6. Similarly, Mississippi, like California, has statutorily enacted an underinsurance provision that compares the relevant limits of the tortfeasor and the injured person in order to determine whether underinsurance coverage applies. (19 Miss.1990 Supp.Ann.Ins.Code, § 83–11–103, subd. (c)(iii) p. 126.) This statute, somewhat like section 11580.2, subdivision (n), subsumes the term “underinsured” within the term “uninsured.” In Cossitt, the Supreme Court of Mississippi interpreted this statute. In that case, the tortfeasor had bodily injury limits equal to the injured person's underinsured motorist coverage, but these limits were exhausted by two other claimants who had also been involved in the accident. (541 So.2d at p. 438.) Denying Cossitt's claim that she was entitled to uninsured benefits under her policy because there was no amount left over for her to collect, the court stated: “․ the focus in determining whether the tortfeasor is uninsured is on the respective ‘limits' of the policies. ‘Mississippi law defines an [un]insured motor vehicle in terms of policy limits, as distinguished from proceeds actually received by a particular claimant,’ ․ it appears clear under the statutory definition that the tortfeasor in this case is not uninsured as to Cossitt since the limit of liability provided by his insurer is not less than the limit provided by Cossitt's own uninsured motorist coverage.” (541 So.2d at p. 440.)
7. For states that follow this view, see Irvin F. Schermer, Automobile Liability Insurance (2d ed. 1990 Revision) Vol. 3, §§ 35.02, 35.02; (hereafter Schermer).
8. See Schermer at section 35.05 for the states, including California, which are grouped under this definition.
9. The trial court ruled in effect that even assuming Ballard's car was an underinsured motor vehicle, the set-off provisions of section 11580.2, subdivisions (p)(4) and (p)(5), coupled with Sehn's status as an insured under the policy, reduced any award to the Messingers to zero. Because we have upheld the summary judgment on the legal conclusion that Ballard's car was not an underinsured vehicle, we do not express any views on the set-off issue. (See, e.g., Filippatos v. Selective Ins. Co. (A.D.1990) 241 N.J.Super. 236, 574 A.2d 1002.)The Messingers also claim that State Farm violated section 11580.2, subdivision (a)(1) by unlawfully providing underinsurance coverage below the minimum level of $15,000 per person as required by section 11580.2, subdivision (m) and Vehicle Code section 16056. The Messingers argue that in receiving only $5,000 apiece from the tortfeasor, State Farm has violated these code provisions. We are not persuaded. The Messingers' underinsurance coverage was well above statutory minimums but, for the reasons explained, did not apply because they did not collide with an underinsured car. Ballard's car was insured for the same amount as the Messingers' car. The Messingers chose to divide the Ballard insurance proceeds of $300,000 in a manner that left them with only $5,000 apiece while passenger Sehn received $290,000.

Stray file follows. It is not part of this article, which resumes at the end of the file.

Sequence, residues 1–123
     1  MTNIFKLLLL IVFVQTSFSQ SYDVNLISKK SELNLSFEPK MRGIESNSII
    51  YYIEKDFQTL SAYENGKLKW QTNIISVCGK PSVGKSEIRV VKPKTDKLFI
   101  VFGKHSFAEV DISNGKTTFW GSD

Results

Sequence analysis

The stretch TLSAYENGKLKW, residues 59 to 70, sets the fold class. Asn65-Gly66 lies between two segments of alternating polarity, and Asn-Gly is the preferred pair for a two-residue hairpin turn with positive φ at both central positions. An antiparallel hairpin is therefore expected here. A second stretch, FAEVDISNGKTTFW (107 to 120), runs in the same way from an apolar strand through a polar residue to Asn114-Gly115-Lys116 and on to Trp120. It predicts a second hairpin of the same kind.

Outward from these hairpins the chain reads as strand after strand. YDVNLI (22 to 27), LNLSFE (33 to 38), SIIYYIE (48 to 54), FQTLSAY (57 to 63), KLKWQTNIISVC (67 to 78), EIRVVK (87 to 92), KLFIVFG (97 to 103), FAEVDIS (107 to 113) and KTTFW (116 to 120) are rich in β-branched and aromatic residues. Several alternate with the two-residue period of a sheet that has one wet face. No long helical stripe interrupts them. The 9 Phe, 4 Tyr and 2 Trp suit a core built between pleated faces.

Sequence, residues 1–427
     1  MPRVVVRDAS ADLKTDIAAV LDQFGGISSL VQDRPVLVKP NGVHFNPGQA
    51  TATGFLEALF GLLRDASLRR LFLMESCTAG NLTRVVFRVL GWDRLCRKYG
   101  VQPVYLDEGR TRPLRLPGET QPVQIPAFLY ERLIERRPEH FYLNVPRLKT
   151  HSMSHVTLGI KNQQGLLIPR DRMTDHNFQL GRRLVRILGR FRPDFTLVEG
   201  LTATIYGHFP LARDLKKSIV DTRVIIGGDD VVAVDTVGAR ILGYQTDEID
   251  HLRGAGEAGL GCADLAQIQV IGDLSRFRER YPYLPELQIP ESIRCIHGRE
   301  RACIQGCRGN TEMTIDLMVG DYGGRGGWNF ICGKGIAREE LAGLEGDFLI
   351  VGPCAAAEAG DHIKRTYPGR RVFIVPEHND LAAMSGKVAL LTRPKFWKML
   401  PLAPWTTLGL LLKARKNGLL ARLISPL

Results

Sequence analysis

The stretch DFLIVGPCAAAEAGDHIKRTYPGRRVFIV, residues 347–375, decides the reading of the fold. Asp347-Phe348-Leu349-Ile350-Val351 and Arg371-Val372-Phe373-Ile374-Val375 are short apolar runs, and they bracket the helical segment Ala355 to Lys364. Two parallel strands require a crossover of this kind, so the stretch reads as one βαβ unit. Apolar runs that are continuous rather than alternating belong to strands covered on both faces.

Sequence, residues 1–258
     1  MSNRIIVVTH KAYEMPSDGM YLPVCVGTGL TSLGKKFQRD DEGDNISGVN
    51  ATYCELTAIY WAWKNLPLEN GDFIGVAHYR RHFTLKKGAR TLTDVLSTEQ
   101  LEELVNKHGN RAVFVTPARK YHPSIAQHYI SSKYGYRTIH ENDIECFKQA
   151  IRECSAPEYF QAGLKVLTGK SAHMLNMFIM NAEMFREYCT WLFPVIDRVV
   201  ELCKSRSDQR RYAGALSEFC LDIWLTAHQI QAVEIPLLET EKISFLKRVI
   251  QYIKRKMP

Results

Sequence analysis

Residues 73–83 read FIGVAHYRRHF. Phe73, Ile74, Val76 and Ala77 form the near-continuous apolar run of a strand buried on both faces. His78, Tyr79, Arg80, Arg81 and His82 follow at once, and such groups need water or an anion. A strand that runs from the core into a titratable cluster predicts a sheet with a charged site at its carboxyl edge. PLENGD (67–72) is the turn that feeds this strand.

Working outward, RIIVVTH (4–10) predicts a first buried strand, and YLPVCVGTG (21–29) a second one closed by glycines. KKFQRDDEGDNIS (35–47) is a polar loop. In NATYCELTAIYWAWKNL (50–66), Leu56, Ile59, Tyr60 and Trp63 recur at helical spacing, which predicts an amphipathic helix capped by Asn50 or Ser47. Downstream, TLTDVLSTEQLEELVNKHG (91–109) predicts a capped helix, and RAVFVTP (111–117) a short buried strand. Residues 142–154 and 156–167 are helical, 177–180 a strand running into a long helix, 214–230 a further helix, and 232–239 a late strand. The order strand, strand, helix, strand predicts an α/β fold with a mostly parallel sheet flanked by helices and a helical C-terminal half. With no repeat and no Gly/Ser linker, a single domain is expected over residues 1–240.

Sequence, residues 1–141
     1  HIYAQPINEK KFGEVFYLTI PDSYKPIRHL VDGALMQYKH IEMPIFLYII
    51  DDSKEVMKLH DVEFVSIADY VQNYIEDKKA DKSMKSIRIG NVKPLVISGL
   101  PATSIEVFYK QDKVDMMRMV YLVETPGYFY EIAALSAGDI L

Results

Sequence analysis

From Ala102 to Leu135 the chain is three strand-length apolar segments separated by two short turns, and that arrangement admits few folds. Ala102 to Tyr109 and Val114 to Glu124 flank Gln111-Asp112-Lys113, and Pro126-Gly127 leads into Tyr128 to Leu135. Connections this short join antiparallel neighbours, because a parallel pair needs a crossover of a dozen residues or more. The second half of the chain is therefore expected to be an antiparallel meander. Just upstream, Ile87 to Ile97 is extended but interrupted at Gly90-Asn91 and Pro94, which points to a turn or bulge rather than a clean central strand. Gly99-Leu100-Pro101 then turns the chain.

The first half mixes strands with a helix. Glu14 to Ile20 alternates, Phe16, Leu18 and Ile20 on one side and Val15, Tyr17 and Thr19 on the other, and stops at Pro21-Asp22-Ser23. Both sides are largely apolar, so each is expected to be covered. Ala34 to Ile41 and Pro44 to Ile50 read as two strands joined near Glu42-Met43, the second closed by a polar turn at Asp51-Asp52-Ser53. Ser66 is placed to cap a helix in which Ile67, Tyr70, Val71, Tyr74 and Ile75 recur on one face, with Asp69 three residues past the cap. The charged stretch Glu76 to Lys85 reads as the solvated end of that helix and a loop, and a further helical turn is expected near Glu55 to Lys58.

DAVIS, Associate Justice.
CARR, Acting P.J., and NICHOLSON, J., concur.